2020/21 Undergraduate Module Catalogue
ENGL32120 Sex and Suffering in the Eighteenth-Century Novel
20 creditsClass Size: 40
Module manager: Dr Robert Jones
Taught: Semester 2 (Jan to Jun) View Timetable
Year running 2020/21
Pre-requisite qualificationsPlease note: This module is restricted to Level 2 and 3 students.
This module is not approved as a discovery module
ObjectivesThe module explores ideas of sexuality, sexual violence and emotional suffering as represented in the eighteenth-century novel, focussing on developments after 1740.
The module consequently examines the development of the novel as a literary form, paying particular attention to narrative forms and characterisation.
- Gain an understanding over debates about sexuality and gender identity as they occurred during the eighteenth century.
- Appreciate key features in the development of the novel, as form.
- Demonstrate an ability to engage critically with current debates in eighteenth-century studies around gender, literary form and the relationships between them.
The module examines two relationships both of which are central to the 'rise of the novel' as a popular and sophisticated literary form. In the first instance we will consider the contest between identity and desire, focussing on novels in which sexual longing and sexual violence play a considerable and unsettling role. We will pay particular attention to moments when desire appears to corrode a stable sense of selfhood, or when the experience of suffering offers ambiguous compensation for loss or injury. Looking at the form and development of the novel more closely we will consider how representations of the experience of trauma take a key role in the development of literary characterisation and narrative forms. It will be important throughout the module to engage with critical and theoretical approaches to both the novel-as-form and identity. The texts have been selected to showcase a variety of the best eighteenth-century writing, including the major novelists Samuel Richardson and Henry Fielding, while providing a tight focus on questions of gendered and sexual performance.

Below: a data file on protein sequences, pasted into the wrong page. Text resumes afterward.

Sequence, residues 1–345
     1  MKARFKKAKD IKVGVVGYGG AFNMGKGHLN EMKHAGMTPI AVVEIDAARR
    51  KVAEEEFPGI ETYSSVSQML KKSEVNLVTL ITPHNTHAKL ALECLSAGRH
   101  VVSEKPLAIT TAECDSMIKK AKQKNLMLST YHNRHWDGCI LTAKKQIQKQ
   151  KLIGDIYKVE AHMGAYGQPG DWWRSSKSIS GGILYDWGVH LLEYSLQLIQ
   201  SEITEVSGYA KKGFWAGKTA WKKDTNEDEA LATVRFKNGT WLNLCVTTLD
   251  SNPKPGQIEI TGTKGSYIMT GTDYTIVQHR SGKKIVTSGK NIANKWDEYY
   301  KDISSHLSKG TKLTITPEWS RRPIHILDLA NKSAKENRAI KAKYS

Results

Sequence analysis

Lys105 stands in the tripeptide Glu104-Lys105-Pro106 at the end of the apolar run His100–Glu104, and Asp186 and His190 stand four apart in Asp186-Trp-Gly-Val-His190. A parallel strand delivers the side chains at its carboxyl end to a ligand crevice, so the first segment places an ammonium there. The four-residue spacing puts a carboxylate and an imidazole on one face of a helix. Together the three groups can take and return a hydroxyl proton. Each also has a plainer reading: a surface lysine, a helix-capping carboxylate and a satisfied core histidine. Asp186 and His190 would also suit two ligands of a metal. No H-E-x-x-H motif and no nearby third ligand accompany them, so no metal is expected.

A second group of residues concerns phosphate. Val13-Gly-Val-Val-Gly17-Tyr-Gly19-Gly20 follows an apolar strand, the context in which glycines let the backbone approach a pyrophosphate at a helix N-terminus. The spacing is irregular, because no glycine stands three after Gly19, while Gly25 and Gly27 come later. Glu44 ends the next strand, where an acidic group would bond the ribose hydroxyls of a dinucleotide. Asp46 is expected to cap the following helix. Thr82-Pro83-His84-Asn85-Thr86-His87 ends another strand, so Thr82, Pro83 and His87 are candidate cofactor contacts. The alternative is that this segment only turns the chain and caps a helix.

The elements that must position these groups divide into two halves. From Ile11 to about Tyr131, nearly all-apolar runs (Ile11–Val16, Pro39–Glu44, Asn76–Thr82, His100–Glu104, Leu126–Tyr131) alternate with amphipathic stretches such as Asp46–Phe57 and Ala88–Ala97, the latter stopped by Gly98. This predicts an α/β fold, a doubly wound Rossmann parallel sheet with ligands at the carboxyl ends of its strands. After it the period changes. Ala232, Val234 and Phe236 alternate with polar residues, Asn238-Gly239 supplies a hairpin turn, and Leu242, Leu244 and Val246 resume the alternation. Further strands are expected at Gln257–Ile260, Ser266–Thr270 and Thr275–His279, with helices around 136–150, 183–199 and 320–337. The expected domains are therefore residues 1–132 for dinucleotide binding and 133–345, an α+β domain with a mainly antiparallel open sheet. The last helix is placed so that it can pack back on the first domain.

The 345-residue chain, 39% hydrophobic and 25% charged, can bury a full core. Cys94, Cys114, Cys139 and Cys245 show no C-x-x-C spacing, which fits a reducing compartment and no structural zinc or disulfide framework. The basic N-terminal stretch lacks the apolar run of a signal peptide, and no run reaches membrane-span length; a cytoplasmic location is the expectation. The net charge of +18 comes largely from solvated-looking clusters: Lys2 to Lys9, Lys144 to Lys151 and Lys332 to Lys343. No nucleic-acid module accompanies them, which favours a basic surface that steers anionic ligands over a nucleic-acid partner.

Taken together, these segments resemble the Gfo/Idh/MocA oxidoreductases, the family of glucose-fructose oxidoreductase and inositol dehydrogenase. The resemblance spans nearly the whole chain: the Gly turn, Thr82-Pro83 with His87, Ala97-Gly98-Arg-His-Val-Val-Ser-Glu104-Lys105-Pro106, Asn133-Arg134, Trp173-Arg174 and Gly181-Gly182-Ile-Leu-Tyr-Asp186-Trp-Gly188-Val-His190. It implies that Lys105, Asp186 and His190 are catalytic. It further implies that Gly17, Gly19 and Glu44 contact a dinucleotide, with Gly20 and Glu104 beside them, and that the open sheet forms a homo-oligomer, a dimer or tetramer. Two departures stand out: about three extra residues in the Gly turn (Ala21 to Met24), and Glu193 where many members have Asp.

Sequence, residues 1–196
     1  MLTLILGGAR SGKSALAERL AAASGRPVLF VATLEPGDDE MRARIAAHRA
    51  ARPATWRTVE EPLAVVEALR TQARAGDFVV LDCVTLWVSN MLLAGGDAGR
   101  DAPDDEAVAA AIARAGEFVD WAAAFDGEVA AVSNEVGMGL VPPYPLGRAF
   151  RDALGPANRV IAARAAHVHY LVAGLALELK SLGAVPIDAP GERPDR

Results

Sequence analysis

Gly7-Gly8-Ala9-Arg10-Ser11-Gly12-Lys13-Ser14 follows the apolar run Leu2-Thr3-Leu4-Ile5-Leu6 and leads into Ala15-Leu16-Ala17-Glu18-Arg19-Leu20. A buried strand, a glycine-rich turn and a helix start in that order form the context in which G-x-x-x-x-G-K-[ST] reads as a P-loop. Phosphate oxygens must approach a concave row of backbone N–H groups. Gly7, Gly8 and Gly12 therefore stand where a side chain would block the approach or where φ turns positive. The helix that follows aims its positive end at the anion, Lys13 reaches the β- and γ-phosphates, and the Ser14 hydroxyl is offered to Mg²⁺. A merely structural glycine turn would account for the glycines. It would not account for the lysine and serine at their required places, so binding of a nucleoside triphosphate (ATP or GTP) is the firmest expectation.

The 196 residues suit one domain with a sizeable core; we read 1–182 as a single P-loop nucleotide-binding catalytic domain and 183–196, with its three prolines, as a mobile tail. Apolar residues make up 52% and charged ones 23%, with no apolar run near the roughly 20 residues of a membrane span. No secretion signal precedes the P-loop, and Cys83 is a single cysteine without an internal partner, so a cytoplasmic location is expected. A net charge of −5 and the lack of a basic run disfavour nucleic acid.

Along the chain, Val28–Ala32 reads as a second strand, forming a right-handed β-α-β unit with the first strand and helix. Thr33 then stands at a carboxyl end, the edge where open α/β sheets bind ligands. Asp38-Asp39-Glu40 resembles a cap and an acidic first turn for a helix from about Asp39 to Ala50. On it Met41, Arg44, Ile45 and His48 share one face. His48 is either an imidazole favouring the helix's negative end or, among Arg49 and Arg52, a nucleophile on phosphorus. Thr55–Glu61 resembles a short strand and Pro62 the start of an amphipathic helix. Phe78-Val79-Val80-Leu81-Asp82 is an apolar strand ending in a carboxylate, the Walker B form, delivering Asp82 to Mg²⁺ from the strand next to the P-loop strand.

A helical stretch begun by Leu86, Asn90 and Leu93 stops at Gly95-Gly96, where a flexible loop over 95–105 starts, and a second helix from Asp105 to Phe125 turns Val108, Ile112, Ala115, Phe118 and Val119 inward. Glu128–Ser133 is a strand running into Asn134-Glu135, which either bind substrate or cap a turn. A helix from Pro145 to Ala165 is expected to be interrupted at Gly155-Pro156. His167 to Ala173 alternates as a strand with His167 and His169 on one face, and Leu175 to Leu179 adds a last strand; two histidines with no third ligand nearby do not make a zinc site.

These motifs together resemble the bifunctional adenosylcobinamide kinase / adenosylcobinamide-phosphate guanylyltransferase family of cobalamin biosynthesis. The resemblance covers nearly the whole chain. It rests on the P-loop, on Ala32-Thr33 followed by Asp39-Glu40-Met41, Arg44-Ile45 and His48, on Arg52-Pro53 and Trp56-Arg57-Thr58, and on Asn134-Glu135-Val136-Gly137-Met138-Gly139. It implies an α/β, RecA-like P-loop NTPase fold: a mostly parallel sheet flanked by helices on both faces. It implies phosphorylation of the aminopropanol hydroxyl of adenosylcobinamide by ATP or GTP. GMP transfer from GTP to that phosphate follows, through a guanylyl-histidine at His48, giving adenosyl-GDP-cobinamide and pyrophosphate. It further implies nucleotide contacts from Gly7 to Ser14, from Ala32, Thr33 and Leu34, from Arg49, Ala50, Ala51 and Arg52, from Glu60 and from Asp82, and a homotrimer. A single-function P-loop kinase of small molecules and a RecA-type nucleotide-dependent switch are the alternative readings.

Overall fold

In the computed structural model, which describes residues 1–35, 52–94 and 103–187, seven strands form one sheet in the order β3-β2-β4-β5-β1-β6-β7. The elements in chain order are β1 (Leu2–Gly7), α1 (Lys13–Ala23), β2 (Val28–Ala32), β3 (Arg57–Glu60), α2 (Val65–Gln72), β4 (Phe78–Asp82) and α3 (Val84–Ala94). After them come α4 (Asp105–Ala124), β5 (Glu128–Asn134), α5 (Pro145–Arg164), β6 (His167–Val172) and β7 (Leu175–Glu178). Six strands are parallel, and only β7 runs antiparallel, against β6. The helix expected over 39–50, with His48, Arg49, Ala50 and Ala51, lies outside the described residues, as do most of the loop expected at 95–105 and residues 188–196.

|Delivery type||Number||Length hours||Student hours|
|Private study hours||186.00|
|Total Contact hours||14.00|
|Total hours (100hr per 10 credits)||200.00|
Private studyTeaching will be through weekly seminars (10 x 1 hour) plus 2 x 1 hour lectures and 2 x 2 hour workshops.
Private Study: Reading, seminar preparation, essay writing.
Opportunities for Formative Feedback- Seminar contribution.
- Feedback on unassessed essay
Methods of assessment
|Assessment type||Notes||% of formal assessment|
|Essay||4000 word essay||100.00|
|Total percentage (Assessment Coursework)||100.00|
This module will be assessed by one essay of 4000 words (including quotations and footnotes). Students will also be required to submit a 1700 word essay. This does not form part of the assessment for this module, but is a requirement and MUST be submitted. Students who fail to submit the unassessed essay will be awarded a maximum mark of 40 for the module (a bare Pass).
Reading listThe reading list is available from the Library website
Last updated: 05/02/2021 10:23:39
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